Avoiding Digital Burnout
Posted by gtchatmod
Digital burnout is the consequence of overuse of technology. It is prevalent in our society today as the result of its availability and in pandemic times – a necessity for meeting the challenges of everyday life. Digital burnout results from trying to exist in two different worlds, physical and virtual; but the indicators are similar to old-fashion burnout. Those who face digital burnout experience depleted energy levels, lower productivity, and chronic stress and physical ailments.
The pandemic has increased digital burnout because we now rely on technology for practically every aspect of our lives – work, school, staying in touch with family and friends, entertainment, and making purchases. The uncertainty of how long we will deal with the effects of the pandemic increases the likelihood of digital burnout and only magnifies the symptoms. The pandemic has effectively altered our state of mind and allowed for few alternatives to the digital work for the near future.
All students face the possibility of digital burnout, but all will not seek the same resolutions. Many GT students have reported positive impacts of being online and continuing their education virtually. GT students are not a homogenous group. A segment of the GT student population views digital burnout as a challenge; something to overcome and to find ways to help others do the same. Avoiding digital burnout requires GT students to look to time management skills, self-care, and engaging in digital detox when overwhelmed.
Teachers play a vital role in reducing student digital burnout. They can include online games during the school day and suggest off-line activities such as going outside to explore nature and get needed physical exercise. Teachers can urge their students to use journaling to express their feeling and create to-do lists that includes day-to-day goals. Both activities can be done off-line; physically writing down goals and how they are feeling. Students should be encouraged to consider changing things up; where they attend online classes, improving the esthetics of their surroundings, decluttering study areas, or how they communicate with peers.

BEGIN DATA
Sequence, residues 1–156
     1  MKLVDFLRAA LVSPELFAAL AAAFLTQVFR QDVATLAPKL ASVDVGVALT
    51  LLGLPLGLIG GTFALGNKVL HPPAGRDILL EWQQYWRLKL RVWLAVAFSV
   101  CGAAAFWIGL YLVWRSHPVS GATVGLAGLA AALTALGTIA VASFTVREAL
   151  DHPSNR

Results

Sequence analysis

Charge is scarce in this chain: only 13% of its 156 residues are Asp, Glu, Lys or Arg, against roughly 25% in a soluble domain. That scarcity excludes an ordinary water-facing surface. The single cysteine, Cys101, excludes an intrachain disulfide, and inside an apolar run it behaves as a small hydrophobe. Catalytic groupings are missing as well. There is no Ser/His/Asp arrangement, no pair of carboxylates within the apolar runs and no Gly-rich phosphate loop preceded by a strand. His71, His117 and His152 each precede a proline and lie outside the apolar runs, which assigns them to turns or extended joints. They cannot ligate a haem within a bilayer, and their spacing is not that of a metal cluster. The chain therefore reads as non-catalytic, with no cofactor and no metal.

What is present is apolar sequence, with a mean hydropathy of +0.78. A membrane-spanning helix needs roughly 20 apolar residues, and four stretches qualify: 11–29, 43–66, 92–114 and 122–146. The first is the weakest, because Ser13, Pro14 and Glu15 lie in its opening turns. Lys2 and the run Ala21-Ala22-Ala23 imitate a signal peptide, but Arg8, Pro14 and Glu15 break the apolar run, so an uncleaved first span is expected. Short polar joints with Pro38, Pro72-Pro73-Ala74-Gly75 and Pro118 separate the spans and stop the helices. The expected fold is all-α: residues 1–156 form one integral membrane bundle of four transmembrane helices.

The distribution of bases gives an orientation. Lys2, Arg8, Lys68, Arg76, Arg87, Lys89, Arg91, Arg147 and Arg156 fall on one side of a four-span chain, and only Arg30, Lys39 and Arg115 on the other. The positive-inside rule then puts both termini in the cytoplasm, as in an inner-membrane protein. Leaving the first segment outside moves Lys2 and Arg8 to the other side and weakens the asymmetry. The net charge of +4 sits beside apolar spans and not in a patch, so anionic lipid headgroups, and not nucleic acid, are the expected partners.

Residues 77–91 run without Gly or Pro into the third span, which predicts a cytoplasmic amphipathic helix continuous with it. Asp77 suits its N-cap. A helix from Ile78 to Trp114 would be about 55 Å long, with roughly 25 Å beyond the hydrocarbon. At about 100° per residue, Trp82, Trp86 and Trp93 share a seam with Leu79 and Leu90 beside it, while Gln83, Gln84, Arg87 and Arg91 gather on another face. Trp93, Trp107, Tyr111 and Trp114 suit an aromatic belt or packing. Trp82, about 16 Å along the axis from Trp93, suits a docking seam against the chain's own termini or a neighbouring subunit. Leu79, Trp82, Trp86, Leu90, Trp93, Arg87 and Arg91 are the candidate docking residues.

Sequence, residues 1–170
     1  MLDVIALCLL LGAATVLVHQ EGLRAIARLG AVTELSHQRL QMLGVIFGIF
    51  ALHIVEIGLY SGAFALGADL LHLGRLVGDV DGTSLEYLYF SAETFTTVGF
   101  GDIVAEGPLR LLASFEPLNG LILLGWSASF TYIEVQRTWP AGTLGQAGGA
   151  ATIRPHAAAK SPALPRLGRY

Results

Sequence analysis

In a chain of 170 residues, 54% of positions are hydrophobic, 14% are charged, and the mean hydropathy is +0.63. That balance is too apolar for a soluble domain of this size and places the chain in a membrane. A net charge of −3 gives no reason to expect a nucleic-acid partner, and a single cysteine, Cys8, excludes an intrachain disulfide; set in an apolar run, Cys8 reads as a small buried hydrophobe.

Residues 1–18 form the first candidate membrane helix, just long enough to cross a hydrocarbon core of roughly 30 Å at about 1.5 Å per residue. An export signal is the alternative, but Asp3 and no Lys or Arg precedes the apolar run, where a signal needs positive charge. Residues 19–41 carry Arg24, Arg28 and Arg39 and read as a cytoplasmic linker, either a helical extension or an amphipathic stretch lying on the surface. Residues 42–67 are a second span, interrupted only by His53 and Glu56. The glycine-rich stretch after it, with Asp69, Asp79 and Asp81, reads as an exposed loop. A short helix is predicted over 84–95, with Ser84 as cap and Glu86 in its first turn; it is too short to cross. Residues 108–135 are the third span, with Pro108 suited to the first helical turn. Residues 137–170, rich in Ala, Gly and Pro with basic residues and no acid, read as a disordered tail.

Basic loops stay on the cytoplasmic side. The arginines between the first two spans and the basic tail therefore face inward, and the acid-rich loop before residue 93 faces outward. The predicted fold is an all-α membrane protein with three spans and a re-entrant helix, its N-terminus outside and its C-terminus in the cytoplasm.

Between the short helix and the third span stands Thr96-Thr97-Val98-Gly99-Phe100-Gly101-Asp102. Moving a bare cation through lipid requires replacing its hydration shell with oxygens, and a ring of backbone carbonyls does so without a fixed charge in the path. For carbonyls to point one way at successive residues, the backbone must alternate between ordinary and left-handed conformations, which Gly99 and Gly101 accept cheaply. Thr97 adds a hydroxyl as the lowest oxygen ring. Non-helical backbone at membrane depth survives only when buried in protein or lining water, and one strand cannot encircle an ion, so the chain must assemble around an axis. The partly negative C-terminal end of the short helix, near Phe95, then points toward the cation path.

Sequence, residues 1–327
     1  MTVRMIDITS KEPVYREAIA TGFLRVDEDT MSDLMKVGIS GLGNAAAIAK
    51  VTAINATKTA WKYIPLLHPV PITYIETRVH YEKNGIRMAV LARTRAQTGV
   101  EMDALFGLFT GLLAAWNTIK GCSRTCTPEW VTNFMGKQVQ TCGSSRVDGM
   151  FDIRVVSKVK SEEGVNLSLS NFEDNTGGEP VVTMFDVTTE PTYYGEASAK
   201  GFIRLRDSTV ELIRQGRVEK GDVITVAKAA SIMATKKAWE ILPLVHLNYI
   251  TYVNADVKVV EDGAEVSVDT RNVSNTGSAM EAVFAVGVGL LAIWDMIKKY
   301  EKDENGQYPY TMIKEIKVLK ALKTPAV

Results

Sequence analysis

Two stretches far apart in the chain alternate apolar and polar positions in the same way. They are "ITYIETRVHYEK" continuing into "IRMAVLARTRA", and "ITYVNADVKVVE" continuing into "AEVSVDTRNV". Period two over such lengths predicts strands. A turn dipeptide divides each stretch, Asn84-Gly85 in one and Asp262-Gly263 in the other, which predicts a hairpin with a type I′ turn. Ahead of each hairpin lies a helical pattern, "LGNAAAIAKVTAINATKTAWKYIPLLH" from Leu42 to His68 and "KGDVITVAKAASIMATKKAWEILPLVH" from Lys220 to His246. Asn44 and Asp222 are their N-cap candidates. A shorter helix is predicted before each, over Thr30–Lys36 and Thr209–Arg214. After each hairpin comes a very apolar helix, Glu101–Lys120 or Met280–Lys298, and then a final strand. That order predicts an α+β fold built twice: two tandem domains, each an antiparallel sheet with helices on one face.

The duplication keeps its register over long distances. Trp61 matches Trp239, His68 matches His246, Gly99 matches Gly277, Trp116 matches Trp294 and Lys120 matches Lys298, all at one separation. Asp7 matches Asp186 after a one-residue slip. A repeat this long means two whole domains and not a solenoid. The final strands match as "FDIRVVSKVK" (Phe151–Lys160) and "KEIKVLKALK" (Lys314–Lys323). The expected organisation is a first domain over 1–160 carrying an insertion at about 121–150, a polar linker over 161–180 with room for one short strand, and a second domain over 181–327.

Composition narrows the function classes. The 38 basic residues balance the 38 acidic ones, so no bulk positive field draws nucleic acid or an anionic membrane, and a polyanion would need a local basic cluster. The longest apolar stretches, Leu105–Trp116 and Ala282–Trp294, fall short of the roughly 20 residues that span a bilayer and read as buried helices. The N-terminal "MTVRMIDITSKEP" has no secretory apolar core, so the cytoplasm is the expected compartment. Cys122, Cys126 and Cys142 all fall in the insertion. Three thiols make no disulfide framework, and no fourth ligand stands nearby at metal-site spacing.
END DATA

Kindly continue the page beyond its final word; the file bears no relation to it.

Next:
What can teachers do to prevent their own digital burnout? Teachers are facing online class time while providing in-person instruction, maintaining attendance records, keeping in touch with students and parents, providing feedback to students, and attending multiple Zoom sessions. Practical interventions to lessen the potential for digital burnout for teachers include pre-recording lessons, utilizing both recorded and live presentations during class time, and re-using others’ materials and lessons. Unplugging, setting time boundaries with students and colleagues, being sure to taking evenings and weekends off, taking breaks during the day and not skipping meals, and limiting emotional involvement with work.
How can parents intervene in their child’s digital use to minimize burnout? When children are learning from home, parents can attempt to maintain as much structure as possible regarding their daily schedule – rising at the same time, getting dressed, and following a schedule similar to their regular school day. Parents can provide a work space for school separate their child’s play areas and reserve evenings and weekends for family time and time away from technology.
A Transcript of this chat can be found at Wakelet.
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About the author: Lisa Conrad is the Moderator of Global #gtchat Powered by TAGT and Social Media Manager of the Global #gtchat Community. She is a longtime advocate for gifted children and also blogs at Gifted Parenting Support. Lisa can be contacted at: email@example.com
Curbing Teacher Burnout During the Pandemic | Edutopia
Digital Burnout: What Can We Do? (YouTube 2:19) | University of Michigan
Digital Burnout: COVID-19 Lockdown Mediates Excessive Technology Use Stress | World Social Psychiatry Journal
Examining the Relationship Between Student School Burnout and Problematic Internet Use (pdf) | Educational Sciences: Theory and Practice
Graphic courtesy of Lisa Conrad
Posted on October 13, 2020, in anxiety, Education, gifted and talented, gifted education, Mental Health, Neuroscience, parenting, Psychology, Social Emotional, Social Media, Technology and tagged Burnout, Digital Burnout, education, educational technology, gtchat, Pandemic, TAGT, technology, Twitter, Zoom. Bookmark the permalink. Leave a comment.
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